The D Las Vegas
If you’re downtown, look up, and watch for a pair of attractive, gigantic legs in spike heels illuminated on the side of a tall building. That’ll be The D. The legs are there to remind you that this is a party spot, and has sexy women who work here called The Dancing Dealers. These dealers work on the first floor of the casino every evening to deal the cards, but they also do pole dancing.
This property originates from 1979, when it was known as the Sundance, making it one of the more venerable (old) places of Vegas. See it on Google Maps. But the downtown area after all holds the majority of the oldest casinos, since it was developed first. In fact some people expected the downtown and Strip areas to join up at some point. By 1987 it became Fitzgerald’s, but the owning company went into bankruptcy and Don Barden (original owner of the Pittsburgh Rivers Casino) purchased it. After he died in 2011, his estate sold it to the Stevens brothers Derek and Greg, who are majority owners of the Golden Gate. Opening the resort in 2012 after an investment of $22 million for renovation, these owners practice the interesting task of preserving the past in one of the most impermanent, forgetful cities in the country. But at the same time, they manage to offer a live-for-the-moment resort with a party atmosphere.
The “D” of the name stands for Detroit, Derek Stevens’ hometown. As a party spot, this casino gets rather smoky and is usually crowded. It’s a popular place for bachelor and bachelorette parties, for which it offers special rates and drink deals.
Two other big things the casino is known for are: a floor full of vintage slot machines, and the Long Bar.
The D Casino
The first floor of this two-level casino gets pretty noisy, particularly after 6pm with the arrival of the Dancing Dealers. They deal the table games, and will also pose with visitors for photos.
Vintage slots fill the 2nd floor. Some of these wonderful games are rare antiques. For example, there’s the Sigma Derby, which is an electronic horse race game, which takes coins and also pays out in them. There are only two of these machines in the entirety of Las Vegas now, but they both still work and you can bet on them. (MGM Grand has the other one.) The coin slots are some other favorites, something you simply won’t find on the Strip except at Circus Circus & Slots A Fun; nearly all the coin machines now are downtown.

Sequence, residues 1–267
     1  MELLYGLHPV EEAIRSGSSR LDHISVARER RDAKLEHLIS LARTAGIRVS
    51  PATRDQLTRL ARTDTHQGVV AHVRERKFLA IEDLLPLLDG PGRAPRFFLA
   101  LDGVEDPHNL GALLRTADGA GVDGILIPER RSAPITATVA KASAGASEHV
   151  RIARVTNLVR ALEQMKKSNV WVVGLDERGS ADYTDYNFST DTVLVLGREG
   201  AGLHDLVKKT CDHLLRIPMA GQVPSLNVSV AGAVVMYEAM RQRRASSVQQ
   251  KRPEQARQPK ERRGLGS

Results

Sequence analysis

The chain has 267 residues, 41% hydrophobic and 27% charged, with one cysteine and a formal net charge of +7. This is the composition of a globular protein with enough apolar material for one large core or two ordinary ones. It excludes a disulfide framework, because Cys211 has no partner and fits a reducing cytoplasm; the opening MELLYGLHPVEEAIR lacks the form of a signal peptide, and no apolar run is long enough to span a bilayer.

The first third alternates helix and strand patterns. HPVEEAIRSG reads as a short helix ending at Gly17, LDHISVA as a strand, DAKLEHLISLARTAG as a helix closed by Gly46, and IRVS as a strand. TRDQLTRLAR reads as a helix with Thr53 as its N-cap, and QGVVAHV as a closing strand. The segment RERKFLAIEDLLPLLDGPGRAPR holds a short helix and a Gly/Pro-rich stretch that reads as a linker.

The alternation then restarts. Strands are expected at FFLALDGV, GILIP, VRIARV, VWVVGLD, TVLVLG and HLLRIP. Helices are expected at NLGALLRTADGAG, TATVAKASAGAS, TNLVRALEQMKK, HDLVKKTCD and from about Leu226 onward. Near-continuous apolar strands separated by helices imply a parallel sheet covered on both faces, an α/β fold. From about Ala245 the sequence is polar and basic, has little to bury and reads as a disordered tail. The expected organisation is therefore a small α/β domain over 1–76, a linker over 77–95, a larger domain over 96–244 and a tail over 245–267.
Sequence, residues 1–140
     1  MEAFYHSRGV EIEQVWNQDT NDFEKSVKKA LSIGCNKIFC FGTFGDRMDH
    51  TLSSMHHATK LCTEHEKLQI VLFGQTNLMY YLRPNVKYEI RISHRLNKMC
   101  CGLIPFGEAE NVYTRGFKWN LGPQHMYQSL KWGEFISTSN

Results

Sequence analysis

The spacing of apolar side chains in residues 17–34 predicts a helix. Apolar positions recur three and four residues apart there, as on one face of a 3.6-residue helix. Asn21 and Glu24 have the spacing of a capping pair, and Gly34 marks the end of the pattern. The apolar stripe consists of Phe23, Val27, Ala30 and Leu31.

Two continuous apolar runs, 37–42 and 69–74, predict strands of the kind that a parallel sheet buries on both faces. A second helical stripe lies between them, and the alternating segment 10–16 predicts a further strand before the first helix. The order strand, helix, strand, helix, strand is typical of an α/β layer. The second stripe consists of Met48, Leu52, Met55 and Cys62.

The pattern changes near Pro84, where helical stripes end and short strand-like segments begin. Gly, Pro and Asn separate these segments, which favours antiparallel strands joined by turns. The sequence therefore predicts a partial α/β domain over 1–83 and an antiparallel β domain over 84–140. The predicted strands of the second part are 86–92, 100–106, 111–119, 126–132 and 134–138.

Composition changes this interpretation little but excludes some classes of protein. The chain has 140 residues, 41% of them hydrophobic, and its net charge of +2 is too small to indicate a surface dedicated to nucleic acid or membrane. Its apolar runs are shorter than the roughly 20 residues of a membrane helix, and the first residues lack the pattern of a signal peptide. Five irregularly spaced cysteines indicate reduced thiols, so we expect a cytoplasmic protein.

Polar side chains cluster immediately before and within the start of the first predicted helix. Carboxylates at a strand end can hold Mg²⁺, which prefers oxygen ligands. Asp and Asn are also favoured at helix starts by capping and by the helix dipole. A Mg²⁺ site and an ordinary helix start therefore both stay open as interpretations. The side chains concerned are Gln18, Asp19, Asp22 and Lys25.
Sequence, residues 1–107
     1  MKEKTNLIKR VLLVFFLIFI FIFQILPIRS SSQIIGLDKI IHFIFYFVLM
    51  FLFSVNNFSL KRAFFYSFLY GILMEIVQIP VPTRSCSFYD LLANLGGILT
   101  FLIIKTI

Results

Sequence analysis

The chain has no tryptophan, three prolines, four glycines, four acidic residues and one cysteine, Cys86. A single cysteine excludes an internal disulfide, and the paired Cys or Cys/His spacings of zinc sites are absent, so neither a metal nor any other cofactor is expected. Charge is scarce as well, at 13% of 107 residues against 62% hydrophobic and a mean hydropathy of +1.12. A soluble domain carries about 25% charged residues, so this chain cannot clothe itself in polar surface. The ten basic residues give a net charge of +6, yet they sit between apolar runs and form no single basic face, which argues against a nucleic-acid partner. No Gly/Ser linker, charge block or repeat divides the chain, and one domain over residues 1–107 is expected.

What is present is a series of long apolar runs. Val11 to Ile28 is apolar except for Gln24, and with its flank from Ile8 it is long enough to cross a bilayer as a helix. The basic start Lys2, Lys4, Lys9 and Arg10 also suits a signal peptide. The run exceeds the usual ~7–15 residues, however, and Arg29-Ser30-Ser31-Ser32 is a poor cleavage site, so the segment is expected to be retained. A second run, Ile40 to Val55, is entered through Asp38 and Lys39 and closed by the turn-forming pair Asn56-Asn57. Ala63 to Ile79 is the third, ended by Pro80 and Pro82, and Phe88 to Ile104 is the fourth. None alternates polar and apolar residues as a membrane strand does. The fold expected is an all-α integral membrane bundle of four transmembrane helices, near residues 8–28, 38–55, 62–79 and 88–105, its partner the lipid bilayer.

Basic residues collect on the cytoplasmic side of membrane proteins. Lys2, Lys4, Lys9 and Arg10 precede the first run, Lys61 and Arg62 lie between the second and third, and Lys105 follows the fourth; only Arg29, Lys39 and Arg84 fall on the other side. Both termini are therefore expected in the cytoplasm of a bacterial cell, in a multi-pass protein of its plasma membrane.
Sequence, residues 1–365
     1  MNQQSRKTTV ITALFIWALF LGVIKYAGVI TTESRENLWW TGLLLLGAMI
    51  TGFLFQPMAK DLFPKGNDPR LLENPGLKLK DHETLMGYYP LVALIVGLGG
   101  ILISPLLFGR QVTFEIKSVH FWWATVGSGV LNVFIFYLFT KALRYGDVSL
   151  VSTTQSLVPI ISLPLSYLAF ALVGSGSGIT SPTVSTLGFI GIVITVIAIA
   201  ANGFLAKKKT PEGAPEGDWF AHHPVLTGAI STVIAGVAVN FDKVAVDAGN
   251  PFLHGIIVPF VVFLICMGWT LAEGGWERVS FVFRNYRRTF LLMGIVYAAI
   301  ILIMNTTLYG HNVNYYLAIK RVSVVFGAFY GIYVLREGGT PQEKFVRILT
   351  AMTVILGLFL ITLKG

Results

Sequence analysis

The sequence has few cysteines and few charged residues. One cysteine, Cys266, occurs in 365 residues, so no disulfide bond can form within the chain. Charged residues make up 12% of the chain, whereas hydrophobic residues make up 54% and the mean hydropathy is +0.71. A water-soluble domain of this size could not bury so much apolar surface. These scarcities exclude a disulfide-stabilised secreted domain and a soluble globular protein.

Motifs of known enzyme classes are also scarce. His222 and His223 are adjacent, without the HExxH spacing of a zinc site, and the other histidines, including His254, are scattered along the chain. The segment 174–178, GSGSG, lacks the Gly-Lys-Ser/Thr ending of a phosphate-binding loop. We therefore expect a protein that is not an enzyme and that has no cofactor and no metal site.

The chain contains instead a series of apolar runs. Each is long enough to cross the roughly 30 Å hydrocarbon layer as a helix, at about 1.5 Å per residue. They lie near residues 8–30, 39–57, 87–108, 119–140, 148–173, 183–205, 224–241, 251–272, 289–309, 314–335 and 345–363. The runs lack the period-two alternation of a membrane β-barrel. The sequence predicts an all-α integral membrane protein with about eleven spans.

The video poker here is a favorite, too. And Keno is a better game downtown, somehow; people who play it will want to try out the tournaments.
The sports book is a William Hill operation, with all the sports events you could probably ask for.
American Coney Island — A Detroit tradition, hot dogs and available 24 hours.
Andiamo Steakhouse — Fine dining with a good foundation and excellent cuts of meat.
D Grill — Breakfast all day, or dinner grill selections with an Italian/European touch, such as the Portuguese sausage.
They’re all made with an aim to be fun and friendly.
The Longbar — longest bar in town. The casino says it’s 1,000 square feet, and it is around 100 feet long, so the bar is probably only 10 feet wide. It’s a natural for sports watching, with so many flatscreens above the bar.
The D Bar — outdoor bar with dancing and juggling bartenders, fancy frozen drinks.
Vue Bar — in vintage area of casino, 2nd floor, balcony looks out onto Fremont Street.
It is easy to find many poor reviews online as far as smokiness, room cleanliness, and general aging condition of the building. This doesn’t disturb its big-party reputation, and many visitors are happy enough to find an active place with lots of dancing.
To foster the image of forward-thinking and modernity, the hotel was the first to take Bitcoin for room reservations and purchases. If you’re concerned about downtown parking, you should know the hotel does have its own parking garage.